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Bobbing, Weaving, Humming and Stomping

Music-making is intensely physical, intensely mental, intensely spiritual, intensely emotional, intensely transporting. I read somewhere, long ago, that playing a keyboard instrument is the most intensely organized nervous activity there is, on the physical level, a matter of the number of neurons involved, or neuronal firing rates or some such thing.

I went to a concert recently at which the pianist's bobbing, weaving, humming, stamping his feet and waving his hands around in the air were on a scale to recall comparable antics by the legendary Glenn Gould, a phenomenon I witnessed personally at a Gould recital here in 1959. Rudolph Serkin, whom I heard live dozens of times, was less extreme, but he too was a great stamper, and sometimes he was pretty vocal.

I call these behaviors "antics" not to demean them or those who do them, but to suggest that I'm divided in my critical mind about them. Are they good, bad, irrelevant, extra-musical, essential or what?

I concede that I usually see them as pretty distracting and sometimes find it easier not to watch. But I also notice that concert reviews never mention them, as though to do so would be breaking a kind of taboo, like commenting on the performer's weight or personal hygiene, things one would obviously never do.

Playing styles change over time. Fifty years ago my piano teacher was death on certain things: hunching the shoulders up, not maintaining more or less upright posture, making weird faces, and above all (god forbid!), humming, groaning, huffing, puffing, snorting, singing, head-shaking, rhythmic nodding, or foot-stamping. Very bad, the lot of it.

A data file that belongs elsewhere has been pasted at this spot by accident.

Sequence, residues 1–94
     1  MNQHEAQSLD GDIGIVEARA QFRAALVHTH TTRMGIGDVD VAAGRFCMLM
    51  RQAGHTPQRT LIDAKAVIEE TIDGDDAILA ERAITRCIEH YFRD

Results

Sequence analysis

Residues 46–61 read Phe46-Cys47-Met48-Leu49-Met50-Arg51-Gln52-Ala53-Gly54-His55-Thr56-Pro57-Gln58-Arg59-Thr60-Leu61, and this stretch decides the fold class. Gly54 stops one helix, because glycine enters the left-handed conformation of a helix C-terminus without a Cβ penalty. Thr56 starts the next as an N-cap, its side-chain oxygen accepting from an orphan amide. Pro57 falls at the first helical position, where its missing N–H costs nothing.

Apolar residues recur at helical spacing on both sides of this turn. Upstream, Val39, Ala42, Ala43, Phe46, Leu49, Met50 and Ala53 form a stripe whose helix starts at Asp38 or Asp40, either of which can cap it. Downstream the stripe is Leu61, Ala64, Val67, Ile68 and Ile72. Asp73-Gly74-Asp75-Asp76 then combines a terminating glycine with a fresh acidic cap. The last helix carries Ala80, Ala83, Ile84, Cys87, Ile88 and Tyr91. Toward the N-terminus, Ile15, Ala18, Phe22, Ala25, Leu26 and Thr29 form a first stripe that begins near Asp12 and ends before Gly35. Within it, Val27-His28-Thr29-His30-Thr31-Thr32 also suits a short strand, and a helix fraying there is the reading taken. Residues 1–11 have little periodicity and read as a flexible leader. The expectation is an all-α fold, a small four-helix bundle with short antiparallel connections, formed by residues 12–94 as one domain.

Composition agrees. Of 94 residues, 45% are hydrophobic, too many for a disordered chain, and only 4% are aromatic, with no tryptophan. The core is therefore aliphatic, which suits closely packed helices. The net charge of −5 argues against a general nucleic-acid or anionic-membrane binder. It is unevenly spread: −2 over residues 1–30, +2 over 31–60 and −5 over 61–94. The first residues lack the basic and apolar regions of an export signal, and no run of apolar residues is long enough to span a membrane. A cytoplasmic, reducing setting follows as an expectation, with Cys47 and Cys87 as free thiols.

The reasons given: bad for the body (makes it harder to play), for the music itself (tension has audible results) and for the audience (drives them to distraction). Lots of younger pianists (antics are not limited to pianists, of course) are models of perfect deportment in this dimension, but it's my impression that antics are on the increase, and I wonder if perhaps that's not so good, in general.

I don't think music is some kind of removed, abstruse, otherworldly mental activity having nothing to do with the physical realities of its making. The other night I heard a strange low, dull noise, not quite in the rhythm of Mozart's score, but apparently coming from somewhere in the concert hall. When I looked up to the stage, there was the pianist's heel thumping down. My guess is he was not at all aware of doing it, and, deeply immersed in what his fingers were doing, he was simply not noticing these foot noises. Nor, I expect, his other antics, like getting his nose down to within three or four inches of his hands, making odd gestures with a free hand and grunting.

As it happens, this person is a terrific player and a fascinating musician, but that's just the point I'm trying to mull over: would I be less prone to ignore all this if the person were a mediocre player and a hum-drum musician?

Returning to Gould, his final recording of Bach's Goldberg Variations is remarkable in many ways, ways that include lots of grunting or humming. But at least in that case, I feel these noises, even if they're strictly speaking extra-musical, do in fact cast useful light on his making of the music. Serkin too, in his famous recording of the Beethoven Diabelli Variations, does something very similar. I take it to be a kind of straining to get the music out, an intensely directed energy flow into the exertion (apparently) required, a total absorption in the sound of the instrument, perhaps an ecstatic yearning for transcendance in the score. In those cases, I think these noises are an integral part of making a miracle, so who could complain?

Perhaps there are no answers to any of these questions apart from actual instances?

Madison Music Review, October, 2001
Copyright 2001 Jess Anderson

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